106. Carlton RJ, Gupta JK, Swift CL, Abbott NL. 106.  2012. Influence of simple electrolytes on the orientational ordering of thermotropic liquid crystals at aqueous interfaces. Langmuir 28:31–36 [Google Scholar]
  107. Carlton RJ, Ma CD, Gupta JK, Abbott NL. 107.  2012. Influence of specific anions on the orientational ordering of thermotropic liquid crystals at aqueous interfaces. Langmuir 28:12796–805 [Google Scholar]
  108. Guyot-Sionnest P, Hsiung H, Shen YR. 108.  1986. Surface polar ordering in a liquid crystal observed by optical second-harmonic generation. Phys. Rev. Lett. 57:2963–66 [Google Scholar]
  109. Feller MB, Chen D, Shen YR. 109.  1991. Investigation of surface-induced alignment of liquid-crystal molecules by optical second-harmonic generation. Phys. Rev. A 43:6778–92 [Google Scholar]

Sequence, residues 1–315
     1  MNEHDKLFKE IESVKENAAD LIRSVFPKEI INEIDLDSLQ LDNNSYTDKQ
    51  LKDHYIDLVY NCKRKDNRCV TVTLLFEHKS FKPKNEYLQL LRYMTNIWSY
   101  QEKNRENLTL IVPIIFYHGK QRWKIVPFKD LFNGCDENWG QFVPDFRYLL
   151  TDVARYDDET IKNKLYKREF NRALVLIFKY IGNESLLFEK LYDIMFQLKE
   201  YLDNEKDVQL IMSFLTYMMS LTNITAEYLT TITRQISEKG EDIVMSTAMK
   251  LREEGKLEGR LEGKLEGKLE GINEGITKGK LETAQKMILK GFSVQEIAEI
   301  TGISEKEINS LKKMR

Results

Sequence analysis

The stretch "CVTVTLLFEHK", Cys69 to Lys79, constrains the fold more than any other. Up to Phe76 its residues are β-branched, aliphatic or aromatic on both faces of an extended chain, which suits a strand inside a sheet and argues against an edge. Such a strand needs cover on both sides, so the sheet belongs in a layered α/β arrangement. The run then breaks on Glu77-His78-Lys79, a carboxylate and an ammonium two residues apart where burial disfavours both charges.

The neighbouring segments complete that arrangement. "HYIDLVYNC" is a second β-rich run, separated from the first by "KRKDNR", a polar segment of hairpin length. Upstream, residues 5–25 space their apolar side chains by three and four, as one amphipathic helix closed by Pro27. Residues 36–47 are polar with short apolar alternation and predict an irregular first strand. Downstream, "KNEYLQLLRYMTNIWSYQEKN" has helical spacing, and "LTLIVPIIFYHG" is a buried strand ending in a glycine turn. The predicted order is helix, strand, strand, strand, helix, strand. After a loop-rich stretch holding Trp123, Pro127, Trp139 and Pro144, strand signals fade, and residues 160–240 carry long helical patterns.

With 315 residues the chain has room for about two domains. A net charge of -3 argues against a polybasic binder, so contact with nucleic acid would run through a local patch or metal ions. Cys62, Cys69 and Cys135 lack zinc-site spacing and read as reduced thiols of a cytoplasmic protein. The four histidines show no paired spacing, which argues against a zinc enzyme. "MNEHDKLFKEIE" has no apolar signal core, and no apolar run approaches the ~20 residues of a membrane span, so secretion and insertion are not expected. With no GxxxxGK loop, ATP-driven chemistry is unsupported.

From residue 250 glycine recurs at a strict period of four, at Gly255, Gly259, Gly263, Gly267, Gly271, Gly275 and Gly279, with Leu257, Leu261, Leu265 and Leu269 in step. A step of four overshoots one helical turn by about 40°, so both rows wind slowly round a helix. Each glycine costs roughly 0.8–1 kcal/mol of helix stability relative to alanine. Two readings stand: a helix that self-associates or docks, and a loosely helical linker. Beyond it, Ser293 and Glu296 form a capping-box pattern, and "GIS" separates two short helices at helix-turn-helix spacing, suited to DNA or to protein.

110. Daschner de Tercero M, Abbott NL. 110.  2009. Ordering transitions in liquid crystals permit imaging of spatial and temporal patterns formed by proteins penetrating into lipid-laden interfaces. Chem. Eng. Commun. 196:234–51 [Google Scholar]
  111. Wang X, Miller DS, Bukusoglu E, de Pablo JJ, Abbott NL.110.  2016. Topological defects in liquid crystals as templates for molecular self-assembly. Nat. Mater. 15:106–12 [Google Scholar]
/content/journals/10.1146/annurev-chembioeng-061114-123323
Loading
/content/journals/10.1146/annurev-chembioeng-061114-123323
Loading

Data & Media loading...

  • Article Type: Review Article
This is a required field
Please enter a valid email address
Approval was a Success
Invalid data
An Error Occurred
Approval was partially successful, following selected items could not be processed due to error